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Storm 2013

So, as anyone in the UK can’t have missed, we’ve had a big storm across the south of England in the last few days.  We knew it was coming, so in the grand scheme of things, it could’ve been a lot worse, but it’s still a strange thing to wake at 3 a.m. to the sound of someone having a pillow fight outside your bedroom.  With pillows of lead.

It’s a sound I associate with being at sea – somewhere between waves smashing against the side of a ship and the lurch of a hull smacking into rough waters.  Except I live high up, in a concrete block in London, so the moment my whole flat shook – walls and floor bouncing with the force of wind screaming through – was a little disquieting.

And the wind did scream.  It’s my drought excluder.  It does a mostly good job.  Except for those few places around my front door where it doesn’t, and there the wind shrieks, a high-pitched shrill that’s both audible and infuriating in every room in the flat.  At 4 a.m. I tried plugging these gaps with old newspaper and the Kings College London’s alumni magazine that it consistently sends me despite the fact I never went there.  This helped a bit – until the force of wind coming in through the cracks around my door spat all this padding straight back out again.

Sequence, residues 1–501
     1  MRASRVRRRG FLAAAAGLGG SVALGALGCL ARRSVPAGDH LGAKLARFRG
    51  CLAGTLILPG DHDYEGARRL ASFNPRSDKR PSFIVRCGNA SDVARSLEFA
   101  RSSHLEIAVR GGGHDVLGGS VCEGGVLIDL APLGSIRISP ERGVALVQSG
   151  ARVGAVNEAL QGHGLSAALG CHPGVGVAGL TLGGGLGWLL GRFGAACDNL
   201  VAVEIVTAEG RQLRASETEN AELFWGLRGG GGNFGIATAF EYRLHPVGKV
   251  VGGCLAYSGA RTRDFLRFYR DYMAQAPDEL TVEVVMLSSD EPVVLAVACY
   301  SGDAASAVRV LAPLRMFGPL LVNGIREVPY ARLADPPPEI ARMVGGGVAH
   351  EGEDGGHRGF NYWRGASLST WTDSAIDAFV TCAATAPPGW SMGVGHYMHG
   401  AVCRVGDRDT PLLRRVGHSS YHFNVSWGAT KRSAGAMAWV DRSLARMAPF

By 8 a.m. the worst of the wind had subsided – at least in London – and at 9 a.m. I went outside to have a look and see what might be seen.

There’s few sights sadder, to my mind, than fallen trees.  I think London is a city which is made by its trees, enriched by it.  Some are hundreds of years old, and they are a consistent spurt of nature and life in concrete streets.  Seeing fallen trees, therefore, induces a strange sense of loss in me, far more than the sight of a car squashed when said trees fell.

Leaves, twigs and branches – sometimes huge branches – have been ripped from the trees, leaving trunks scraped bare in places.  Late-autumn berries have been shaken down, while, in an act that feels oddly appropriate, in Westminster a crane has fallen on the cabinet office.  The upshot of this?  Nick Clegg can’t do his monthly press conference.  What a blow….


Let us not be too disheartened by all this!  Ever in search of an agenda, I might as well take this moment to point out that, should I ever find myself loaded with cash, I’ve already sworn to myself that the three causes I’d fight for are literacy, renewable energy and forests.  So, in the aftermath of this, I’m going around shouting from the rooftops for two charities in particular that seem most appropriate, given the circumstances: